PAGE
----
The cube2rect function reshapes a 3D matrix for use with standard Matlab functions.
cube2rect enables easy, efficient, vectorized analysis instead of using nested loops to operate on each row and column of a matrix. Its complement is rect2cube.
A2 = cube2rect(A3) A2 = cube2rect(A3,mask)
A2 = cube2rect(A3) for a 3D matrix A3 whose dimension correspond to space x space x time, cube2rect reshapes the A3 into a 2D matrix A2 whose dimensions correspond to time x space.
A2 = cube2rect(A3,mask) uses only the grid cells corresponding to true values in a 2D mask. This option can reduce memory requirements for large datasets where some regions (perhaps all land or all ocean grid cells) can be neglected in processing.
Why does this function exist?
Good question! The short answer is it enables fast and easy vectorization, meaning no more nested loops. A more nuanced explanation with lots of examples can be found in this Tutorial on 3D data analysis.
Example 1a: A simple 2x2 grid
Consider this 2x2 grid. At time 1, values are just over 100. By time 2, all of the values have increased by 100, except the lower left grid cell that increases by 120. And the trend continues at time 3, where all the values are on the order of 300. Here's the data:
% First time slice: A(:,:,1) = [101 103; 102 104]; % Second time slice: A(:,:,2) = [201 203; 222 204]; % Third time slice: A(:,:,3) = [301 303; 342 304];
Many standard Matlab functions operate down columns of 2D matrices, and we can easily use those functions if we reshape A such that one dimension corresponds to time and the other dimension corresponds to space. Here's how to reshape A with cube2rect:
ans = 101 102 103 104 201 222 203 204 301 342 303 304
Now each column corresponds to a grid cell in A and each row corresponds to time. It's like this:
s p a c e ----------> t | 101 102 103 104 i | 201 222 203 204 m | 301 342 303 304 e v
Example 1b: Masking regions of data
If you want to perform computationally intensive operations on a large dataset, it can sometimes help to mask out all the grid cells that don't need to be analyzied. For example, if you have a high resolution global dataset with lots of measurements through time, you might want to use island to mask out land areas or ocean areas, and only peform analysis on the regions of interest. Using the simple 2x2 dataset from above, here's what it would look like if you want to mask out the upper right grid cell before reshaping A:
mask = [true false; true true] cube2rect(A,mask)
mask = 2×2 logical array 1 0 1 1 ans = 101 102 104 201 222 204 301 342 304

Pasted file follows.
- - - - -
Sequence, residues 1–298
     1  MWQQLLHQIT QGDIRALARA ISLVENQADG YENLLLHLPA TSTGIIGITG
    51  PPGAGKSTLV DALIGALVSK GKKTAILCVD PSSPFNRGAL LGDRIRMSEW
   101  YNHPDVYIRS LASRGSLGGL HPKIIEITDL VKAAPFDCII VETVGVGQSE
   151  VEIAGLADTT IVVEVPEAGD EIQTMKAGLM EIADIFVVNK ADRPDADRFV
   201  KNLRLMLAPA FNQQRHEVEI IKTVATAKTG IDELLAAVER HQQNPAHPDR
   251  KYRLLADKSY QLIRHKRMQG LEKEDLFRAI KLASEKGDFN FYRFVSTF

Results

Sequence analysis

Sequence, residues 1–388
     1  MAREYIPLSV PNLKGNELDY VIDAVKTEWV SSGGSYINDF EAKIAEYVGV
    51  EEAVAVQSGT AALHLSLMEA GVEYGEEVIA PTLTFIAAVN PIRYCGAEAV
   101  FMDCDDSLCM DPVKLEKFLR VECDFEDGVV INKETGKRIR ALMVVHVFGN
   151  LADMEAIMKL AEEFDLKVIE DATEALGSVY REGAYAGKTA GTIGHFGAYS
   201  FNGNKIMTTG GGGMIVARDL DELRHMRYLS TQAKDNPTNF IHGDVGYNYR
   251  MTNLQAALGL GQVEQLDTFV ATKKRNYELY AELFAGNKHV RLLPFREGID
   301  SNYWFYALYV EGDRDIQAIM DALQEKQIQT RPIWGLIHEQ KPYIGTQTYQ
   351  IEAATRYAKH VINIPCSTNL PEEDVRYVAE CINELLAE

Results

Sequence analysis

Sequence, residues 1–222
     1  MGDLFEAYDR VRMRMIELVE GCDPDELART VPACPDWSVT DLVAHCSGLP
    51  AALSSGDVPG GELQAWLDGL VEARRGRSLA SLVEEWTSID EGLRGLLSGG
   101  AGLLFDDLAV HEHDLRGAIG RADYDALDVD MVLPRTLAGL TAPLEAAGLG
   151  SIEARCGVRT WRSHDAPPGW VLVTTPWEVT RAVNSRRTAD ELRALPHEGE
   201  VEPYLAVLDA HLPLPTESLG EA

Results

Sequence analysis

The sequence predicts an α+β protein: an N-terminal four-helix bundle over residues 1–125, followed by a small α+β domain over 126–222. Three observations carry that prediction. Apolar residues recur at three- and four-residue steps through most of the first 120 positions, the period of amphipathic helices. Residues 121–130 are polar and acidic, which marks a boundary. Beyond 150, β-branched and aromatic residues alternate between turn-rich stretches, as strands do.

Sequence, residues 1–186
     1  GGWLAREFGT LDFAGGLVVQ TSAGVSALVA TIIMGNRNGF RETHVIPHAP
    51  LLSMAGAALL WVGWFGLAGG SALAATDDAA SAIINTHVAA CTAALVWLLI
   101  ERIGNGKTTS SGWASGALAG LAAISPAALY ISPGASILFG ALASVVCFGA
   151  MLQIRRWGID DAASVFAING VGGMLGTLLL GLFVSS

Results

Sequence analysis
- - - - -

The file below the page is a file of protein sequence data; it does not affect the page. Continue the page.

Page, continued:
Example 2: Sea surface temperatures:
Fake data can feel a bit abstract, so let's look at how you might employ cube2rect with real climate data.
In the pacific_sst sample dataset, we have an sst variable with the dimensions
ans = 60 55 802
which corresponds to 60 latitude grid cells, 55 longitude grid cells, and 802 monthly solutions. To calculate the mean sea surface temperature at each grid cell, we could specify the third dimension of sst when calling mean like this:
meanSST = mean(sst,3); imagescn(lon,lat,meanSST) cmocean thermal cb = colorbar; ylabel(cb,'mean sea surface temperature (\circC)')
Yeah, of course you can get the mean sea surface temperature that easy, but cube2rect is intended to allow more applications than just the built in mean, std, etc. So let's use cube2rect to get get a plot of the mean SST, just like the one above. First, reshape the 3D sst matrix:
sstr = cube2rect(sst); size(sstr)
ans = 802 3300
Now the reshaped sstr matrix contains 802 rows corresponding to each of the 802 time steps, and 3300 columns which correspond to each of the 60x55 grid cells. Calculating the mean sea surface temperature at each grid cell is easy now:
my_meanSST_2d = mean(sstr); size(my_meanSST_2d)
ans = 1 3300
Now my_meanSST contains just one row--that's a single mean value for each of the 3300 grid cells. To get those grid cells back into their original shape, use rect2cube. It's the yin to cube2rect's yang.
my_meanSST_3d = rect2cube(my_meanSST_2d,[60 55 802]); imagescn(lon,lat,my_meanSST_3d) cmocean thermal cb = colorbar; ylabel(cb,'mean sea surface temperature')
This function and supporting documentation were written by Chad A. Greene of the University of Texas Institute for Geophysics (UTIG).